U.S. crude oil reserves in 2012 surged to their highest level since 1976, but low natural gas prices drove down gas proved reserves for the first time in 14 years, the Energy Information Administration (EIA) said Thursday.
Proved reserves of natural gas declined to 322.7 Tcf in 2012, down 7.5% compared with 348.8 Tcf in 2011, according to EIA’s latest “U.S. Crude Oil and Natural Gas Proved Reserves” report. The decline came “as operators revised the proved reserves of their existing natural gas fields downward in response to lower natural gas prices,” EIA said. The average gas price in 2012 was 34% lower than in 2011, “presenting more challenging economic conditions for estimating proved reserves.”
Despite the drop in reserves, natural gas marketed production in 2012 was 69.1 Bcf/d, a 5% increase compared with 65.9 Bcf/d in 2011.
“With natural gas prices higher in 2013 and technology continuing to advance, EIA expects U.S. natural gas proved reserves to increase in 2013,” said EIA Administrator Adam Sieminski.
At the state level, Pennsylvania and West Virginia reported the largest net increases in natural gas proved reserves, driven by development of the Marcellus Shale, which became the largest U.S. shale gas play in 2012 based on proved reserves, EIA said.
Proved reserves in shale gas plays accounted for 40% (129.4 Tcf) of wet natural gas proved reserves in 2012. But gains in the Marcellus (up 10.9 Tcf) and Eagle Ford (up 7.8 Tcf) were more than offset by price-driven reductions of reserves estimates in more mature shale plays, such as the Barnett and the Haynesville, which declined by a combined 20.7 Tcf in 2012.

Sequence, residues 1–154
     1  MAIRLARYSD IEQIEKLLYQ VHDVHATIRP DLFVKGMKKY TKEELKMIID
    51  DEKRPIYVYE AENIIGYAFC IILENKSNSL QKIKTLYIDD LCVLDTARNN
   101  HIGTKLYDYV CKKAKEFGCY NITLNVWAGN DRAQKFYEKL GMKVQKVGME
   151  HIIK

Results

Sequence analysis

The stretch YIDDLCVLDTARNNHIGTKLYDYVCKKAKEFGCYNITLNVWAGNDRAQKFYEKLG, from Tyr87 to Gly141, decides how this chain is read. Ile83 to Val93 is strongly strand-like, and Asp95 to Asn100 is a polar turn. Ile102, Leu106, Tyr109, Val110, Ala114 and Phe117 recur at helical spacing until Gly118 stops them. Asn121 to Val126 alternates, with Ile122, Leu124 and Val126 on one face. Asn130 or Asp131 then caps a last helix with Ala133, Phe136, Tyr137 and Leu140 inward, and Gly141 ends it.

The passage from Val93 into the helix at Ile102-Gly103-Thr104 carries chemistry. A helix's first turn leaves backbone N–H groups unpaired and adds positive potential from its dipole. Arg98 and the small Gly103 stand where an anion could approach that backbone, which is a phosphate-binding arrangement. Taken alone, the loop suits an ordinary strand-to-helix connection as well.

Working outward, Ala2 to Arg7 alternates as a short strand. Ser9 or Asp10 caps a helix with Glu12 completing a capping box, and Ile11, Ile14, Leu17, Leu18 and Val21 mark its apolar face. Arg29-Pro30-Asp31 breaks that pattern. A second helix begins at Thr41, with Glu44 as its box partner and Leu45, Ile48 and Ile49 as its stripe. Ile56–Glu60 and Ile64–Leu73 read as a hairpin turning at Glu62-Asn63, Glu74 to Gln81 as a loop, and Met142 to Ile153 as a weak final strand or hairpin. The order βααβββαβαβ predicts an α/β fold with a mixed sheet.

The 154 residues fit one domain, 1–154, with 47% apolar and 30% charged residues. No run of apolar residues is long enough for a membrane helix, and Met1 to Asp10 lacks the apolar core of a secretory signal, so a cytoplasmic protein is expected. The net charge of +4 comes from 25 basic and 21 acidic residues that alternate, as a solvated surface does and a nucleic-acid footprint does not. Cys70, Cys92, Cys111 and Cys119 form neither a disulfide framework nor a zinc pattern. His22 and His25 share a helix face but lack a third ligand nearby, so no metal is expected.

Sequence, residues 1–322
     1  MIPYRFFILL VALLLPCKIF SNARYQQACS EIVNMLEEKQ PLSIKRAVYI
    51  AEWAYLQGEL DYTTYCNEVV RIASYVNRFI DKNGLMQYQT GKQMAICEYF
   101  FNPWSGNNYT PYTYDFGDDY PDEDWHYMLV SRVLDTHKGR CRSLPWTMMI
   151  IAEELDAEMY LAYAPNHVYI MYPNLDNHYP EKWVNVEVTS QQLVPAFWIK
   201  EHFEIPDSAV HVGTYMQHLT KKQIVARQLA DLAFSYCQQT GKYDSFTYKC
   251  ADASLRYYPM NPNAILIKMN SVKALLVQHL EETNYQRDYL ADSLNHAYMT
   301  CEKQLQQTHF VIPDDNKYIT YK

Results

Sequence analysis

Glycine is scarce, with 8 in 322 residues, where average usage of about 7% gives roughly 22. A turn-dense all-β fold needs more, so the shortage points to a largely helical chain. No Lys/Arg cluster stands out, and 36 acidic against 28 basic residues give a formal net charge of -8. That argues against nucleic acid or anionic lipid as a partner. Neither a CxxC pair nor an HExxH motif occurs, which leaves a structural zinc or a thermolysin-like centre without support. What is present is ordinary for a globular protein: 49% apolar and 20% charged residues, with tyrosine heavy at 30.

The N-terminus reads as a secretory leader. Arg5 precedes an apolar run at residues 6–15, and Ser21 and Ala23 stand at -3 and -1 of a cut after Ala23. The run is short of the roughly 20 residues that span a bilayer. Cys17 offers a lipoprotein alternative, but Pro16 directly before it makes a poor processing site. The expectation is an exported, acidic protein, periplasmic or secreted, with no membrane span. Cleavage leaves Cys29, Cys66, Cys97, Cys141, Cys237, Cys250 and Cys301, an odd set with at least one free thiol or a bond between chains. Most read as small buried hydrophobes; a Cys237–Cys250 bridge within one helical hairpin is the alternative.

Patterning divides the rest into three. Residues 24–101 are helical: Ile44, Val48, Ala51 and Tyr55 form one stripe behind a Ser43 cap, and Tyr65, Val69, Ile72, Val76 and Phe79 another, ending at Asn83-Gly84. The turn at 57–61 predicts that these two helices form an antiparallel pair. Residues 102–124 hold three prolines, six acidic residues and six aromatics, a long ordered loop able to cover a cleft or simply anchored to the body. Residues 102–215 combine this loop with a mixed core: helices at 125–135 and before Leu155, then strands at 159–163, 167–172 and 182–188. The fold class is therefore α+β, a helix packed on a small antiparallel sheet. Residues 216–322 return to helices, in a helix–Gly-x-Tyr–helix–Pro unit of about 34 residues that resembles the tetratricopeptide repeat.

Oil proved reserves, which include crude oil and lease condensate, increased in 2012 to 33.4 billion bbl, a 15.4% increase compared with 29.0 billion bbl in 2011. The surge was led by reserve additions in Texas and North Dakota, EIA said. It was the fourth consecutive year in which U.S. proved oil reserves increased.
Texas recorded the largest volumetric increase (up 3.0 billion bbl) in proved oil reserves among individual states, largely because of development in the Permian and Western Gulf basins, EIA said. North Dakota had the second-largest increase (up 1.1 billion barrels), driven by development of the Bakken and Three Forks formations in the Williston Basin.
Proved reserves are estimated quantities of oil and natural gas that analysis of geological and engineering data demonstrate with reasonable certainty to be recoverable in future years from known reservoirs under existing economic and operating conditions. EIA’s report reflects estimates of proved reserves at the end of 2012 based on the agency’s annual survey of domestic oil and gas well operators.
At the beginning of 2013, the Americas accounted for one-third of proved worldwide reserves of crude oil (536 billion bbl) and one-tenth of proved natural gas reserves (688 Tcf), as well as immense recoverable resources of oil and gas including reservoired resources, tight oil and shale gas, EIA said in another recent report(see Shale Daily, Feb. 18).
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